Get in Shape to Go Trekking

Gym body or mountain body

You can have a great gym body, but not do so well on your attempt to bag Kilimanjaro or the Cordillera Blanca. How can that be? You can train for months in the gym and look as good as you did in high school.

Tusker Trail Adventure Treks

 

 

 

 

You’ve seen the studs of both sexes down at your local gym and want to be just like them. You worked on every body part with every piece of machinery and are proud to sit in front of the mirror admiring the sweat coming off your growing biceps and the possibility of 6-pack abs. You’re developing a gym body not a mountain body and there is a world of difference.

Gym rats don’t have the cardio chops to pound the trail for days at a time. Be a mountain woman, not a gym rat. Muscles look great, but being lean and cardio strong is the better blueprint for hanging with the Tusker trekking tribe.

It’s January start training

Getting in trekking shape doesn’t happen by accident— you have to be disciplined, focused and strategic. It’s January, you booked your next trekking adventure and have seven months to lose the five to ten pounds you gained over the holidays. But it’s more than that, although losing weight is definitely key to getting in hiking shape. Plan to drop the ten Christmas pounds plus an additional five through diet and exercise. This is not rocket science—eat less/eat healthy/exercise more.

If you don’t have the discipline hire a personal trainer who will bust your butt, but in a nice, intelligent way. Look at everything you are doing to get into hiking shape as an investment in your future both short term and beyond the Tusker trek.

During the winter months spend some gym time especially if they have stationary bikes and a swimming pool. Lap swimming and bike work are cardio complimentary to hiking. If you live in a wintry climate get on your skinny skis (cross-country) and ski uphill. Snow shoeing isn’t bad, but you don’t get the cardio workout that X-country skiing will give you. If you don’t ski, jog around the track at the local high school then climb its stadium steps. Think like Rocky Balboa training for the big fight, but instead of Philly’s City Hall steps you see yourself at Everest Base Camp or the top of Kilimanjaro.

It’s spring start hiking again

With the snow gone it’s time to hike every weekend spending at least three hours each weekend day preferably in hilly or mountainous terrain. Hike with weight on your back and make sure the boots for the trek are well broken in and friendly to toes, ankles, arches. As you build strength try to quicken your hiking pace and build stamina.

Hike by yourself or with a friend who is serious about getting in shape too. Don’t be dragged down by a fellow hiker who is telling you about their lousy marriage or job. Hike with purpose and positivity.

Cross-train after work during the week hitting the gym swimming/biking and doing some leg presses, lung walks and leg extensions. Pick up a bar bell now and then, but a series of pushups to build strength is just as good.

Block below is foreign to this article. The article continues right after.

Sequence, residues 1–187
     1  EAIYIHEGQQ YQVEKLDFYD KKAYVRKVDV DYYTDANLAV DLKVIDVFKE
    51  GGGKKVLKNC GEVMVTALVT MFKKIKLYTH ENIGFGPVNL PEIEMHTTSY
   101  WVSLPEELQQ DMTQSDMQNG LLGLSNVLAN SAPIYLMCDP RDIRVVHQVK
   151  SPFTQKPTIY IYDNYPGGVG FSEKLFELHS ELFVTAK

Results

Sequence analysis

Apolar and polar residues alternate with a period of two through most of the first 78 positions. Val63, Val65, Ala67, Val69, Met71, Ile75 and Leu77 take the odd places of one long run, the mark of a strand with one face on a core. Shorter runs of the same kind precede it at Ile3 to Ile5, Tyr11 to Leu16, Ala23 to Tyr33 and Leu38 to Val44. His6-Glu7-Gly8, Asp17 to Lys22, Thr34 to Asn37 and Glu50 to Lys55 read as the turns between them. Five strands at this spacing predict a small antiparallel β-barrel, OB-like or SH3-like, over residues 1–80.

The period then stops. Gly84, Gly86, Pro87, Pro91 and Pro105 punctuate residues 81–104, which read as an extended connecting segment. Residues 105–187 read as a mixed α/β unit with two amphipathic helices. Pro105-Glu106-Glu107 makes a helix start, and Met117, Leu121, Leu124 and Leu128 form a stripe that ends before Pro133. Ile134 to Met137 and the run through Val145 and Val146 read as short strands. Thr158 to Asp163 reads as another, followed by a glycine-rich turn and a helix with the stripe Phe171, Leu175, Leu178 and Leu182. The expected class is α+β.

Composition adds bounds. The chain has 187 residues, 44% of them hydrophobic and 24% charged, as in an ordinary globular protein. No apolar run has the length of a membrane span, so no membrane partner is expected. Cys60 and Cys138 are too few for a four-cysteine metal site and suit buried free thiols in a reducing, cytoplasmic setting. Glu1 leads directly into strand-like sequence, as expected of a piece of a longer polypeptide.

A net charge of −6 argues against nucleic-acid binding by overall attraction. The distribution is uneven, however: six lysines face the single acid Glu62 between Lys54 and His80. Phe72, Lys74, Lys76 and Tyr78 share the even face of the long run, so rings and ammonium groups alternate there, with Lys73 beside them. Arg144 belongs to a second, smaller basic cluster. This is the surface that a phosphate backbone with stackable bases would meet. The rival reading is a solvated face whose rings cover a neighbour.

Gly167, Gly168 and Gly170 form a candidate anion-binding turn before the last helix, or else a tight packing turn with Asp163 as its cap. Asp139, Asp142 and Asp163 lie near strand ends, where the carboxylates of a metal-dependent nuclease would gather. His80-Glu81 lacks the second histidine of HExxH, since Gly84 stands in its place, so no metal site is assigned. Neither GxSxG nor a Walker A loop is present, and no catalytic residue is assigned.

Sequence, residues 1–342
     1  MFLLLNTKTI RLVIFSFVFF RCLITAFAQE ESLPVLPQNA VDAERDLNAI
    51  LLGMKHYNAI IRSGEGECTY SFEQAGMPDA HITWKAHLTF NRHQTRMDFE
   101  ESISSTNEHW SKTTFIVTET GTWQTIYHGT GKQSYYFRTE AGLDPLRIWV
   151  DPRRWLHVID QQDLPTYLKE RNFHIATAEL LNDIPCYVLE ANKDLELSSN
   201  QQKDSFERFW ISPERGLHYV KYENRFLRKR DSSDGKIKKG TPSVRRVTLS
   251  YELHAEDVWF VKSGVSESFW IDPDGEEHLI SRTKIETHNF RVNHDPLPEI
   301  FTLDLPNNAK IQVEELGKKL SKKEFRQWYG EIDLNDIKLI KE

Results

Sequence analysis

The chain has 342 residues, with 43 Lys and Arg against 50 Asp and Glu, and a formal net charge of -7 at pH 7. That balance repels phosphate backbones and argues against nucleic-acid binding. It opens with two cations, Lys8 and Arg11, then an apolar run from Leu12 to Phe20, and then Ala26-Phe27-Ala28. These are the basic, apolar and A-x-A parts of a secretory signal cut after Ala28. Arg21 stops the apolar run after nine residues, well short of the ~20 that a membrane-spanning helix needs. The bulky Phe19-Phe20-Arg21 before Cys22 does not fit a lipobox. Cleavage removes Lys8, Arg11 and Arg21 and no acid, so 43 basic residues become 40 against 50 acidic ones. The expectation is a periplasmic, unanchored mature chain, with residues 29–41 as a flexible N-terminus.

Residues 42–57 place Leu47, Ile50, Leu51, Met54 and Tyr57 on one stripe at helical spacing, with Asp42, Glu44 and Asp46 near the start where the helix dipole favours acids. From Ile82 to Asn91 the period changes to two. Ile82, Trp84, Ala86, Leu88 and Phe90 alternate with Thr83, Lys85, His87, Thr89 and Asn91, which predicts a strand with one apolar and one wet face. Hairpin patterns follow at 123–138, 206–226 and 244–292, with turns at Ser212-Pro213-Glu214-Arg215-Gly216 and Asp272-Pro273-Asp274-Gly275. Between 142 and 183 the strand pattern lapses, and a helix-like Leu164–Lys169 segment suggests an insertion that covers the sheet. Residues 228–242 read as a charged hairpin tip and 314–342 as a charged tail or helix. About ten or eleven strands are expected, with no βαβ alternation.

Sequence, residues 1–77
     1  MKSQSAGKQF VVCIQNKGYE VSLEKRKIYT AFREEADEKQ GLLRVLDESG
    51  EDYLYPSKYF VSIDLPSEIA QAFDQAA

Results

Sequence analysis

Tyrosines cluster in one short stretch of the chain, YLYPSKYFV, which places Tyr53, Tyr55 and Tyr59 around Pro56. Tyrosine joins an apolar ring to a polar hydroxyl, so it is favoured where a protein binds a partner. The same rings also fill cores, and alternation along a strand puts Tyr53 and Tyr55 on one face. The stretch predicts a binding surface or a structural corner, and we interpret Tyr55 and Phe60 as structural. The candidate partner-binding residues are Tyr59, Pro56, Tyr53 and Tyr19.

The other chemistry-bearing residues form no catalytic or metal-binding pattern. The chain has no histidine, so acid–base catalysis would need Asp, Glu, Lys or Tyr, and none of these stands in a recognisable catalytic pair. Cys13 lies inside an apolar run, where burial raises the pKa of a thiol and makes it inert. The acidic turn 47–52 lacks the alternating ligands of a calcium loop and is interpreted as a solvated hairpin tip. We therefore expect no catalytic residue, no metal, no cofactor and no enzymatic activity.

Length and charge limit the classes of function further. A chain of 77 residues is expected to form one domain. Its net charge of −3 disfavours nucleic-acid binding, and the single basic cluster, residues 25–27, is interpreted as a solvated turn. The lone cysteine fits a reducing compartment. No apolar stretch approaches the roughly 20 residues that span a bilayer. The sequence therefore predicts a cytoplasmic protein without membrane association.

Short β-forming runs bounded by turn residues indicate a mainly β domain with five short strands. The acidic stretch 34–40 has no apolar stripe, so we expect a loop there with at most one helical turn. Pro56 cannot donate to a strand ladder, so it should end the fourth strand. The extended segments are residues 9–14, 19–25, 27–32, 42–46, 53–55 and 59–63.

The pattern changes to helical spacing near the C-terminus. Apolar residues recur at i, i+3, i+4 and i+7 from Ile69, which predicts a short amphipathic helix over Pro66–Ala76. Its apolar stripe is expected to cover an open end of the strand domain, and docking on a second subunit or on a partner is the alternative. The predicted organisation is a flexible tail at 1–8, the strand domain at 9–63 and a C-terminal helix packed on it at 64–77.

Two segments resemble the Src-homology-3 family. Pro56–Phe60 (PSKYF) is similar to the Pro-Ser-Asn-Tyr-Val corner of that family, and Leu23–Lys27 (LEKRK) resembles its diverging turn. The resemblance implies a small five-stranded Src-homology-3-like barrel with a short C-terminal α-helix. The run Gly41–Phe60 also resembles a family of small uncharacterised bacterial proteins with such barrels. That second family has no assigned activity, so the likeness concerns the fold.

Crunch time

The trip is quickly coming and you’re excited because you’ve lost the weight and can hike without heavy breathing or joint pain. Your body is working like a well-tuned Ferrari – not a Chevy truck – and your confidence is building. A month before the trip take a major hike; either a weekend backpack or an eight hour day hike with at least 2,000 feet elevation gain. See if that Ferrari is still running smooth. Hopefully it is and you’re in the home stretch.

Start tapering before the trip as you don’t want to risk injury by over exercising. Because you’ve been working out since January you are not pressured to get in shape two weeks before the trip. Focus on hydration and eating well and being 100 percent healthy before stepping on the plane

New you: mountain ready

When you’re in hiking shape you know it. You glide uphill in the flow without thinking about your stamina and if that balky knee is going to hold out. It’s a liberating feeling and gives you the confidence you need to bag the summit and enjoy the world class places Tusker goes. To get to that point you need to put in the hard yards months before the trip. It’s a process that you should embrace.

When you’re ready, walk into your gym with your new mountain body and challenge those muscle-bound studs to a race up the stadium steps. We will put our money on you.

Tags:

Subscribe

If you enjoyed this article, subscribe now to receive more just like it.

There Are 2 Brilliant Comments

Trackback URL | Comments RSS Feed

  1. Mike Ayers says:

    Your article is spot on. I did Kilimanjaro in 2011 at age 60. Got in shape climbing seps at the local college football stadium. 12 to 15 hundred verticals feet 4 or 5 days a week. You have to get your knees in shape for the 2 day downhill off the mountain. Did all day hikes in Zion NP too. Time on the trail is important too.

    • Rodney Schwarzhuber says:

      It’s all nice to do day hikes in elevation but where there are no heights to climb, then find the hilliest place to hike. I did that at a local state Park with a backpack and 2 gallon jugs of water in it. Use whatever is available and wherever for a workout. Hiking shape is no guarantee of summiting but it will help immensely.

Post a Comment

Your email address will not be published. Required fields are marked *

Top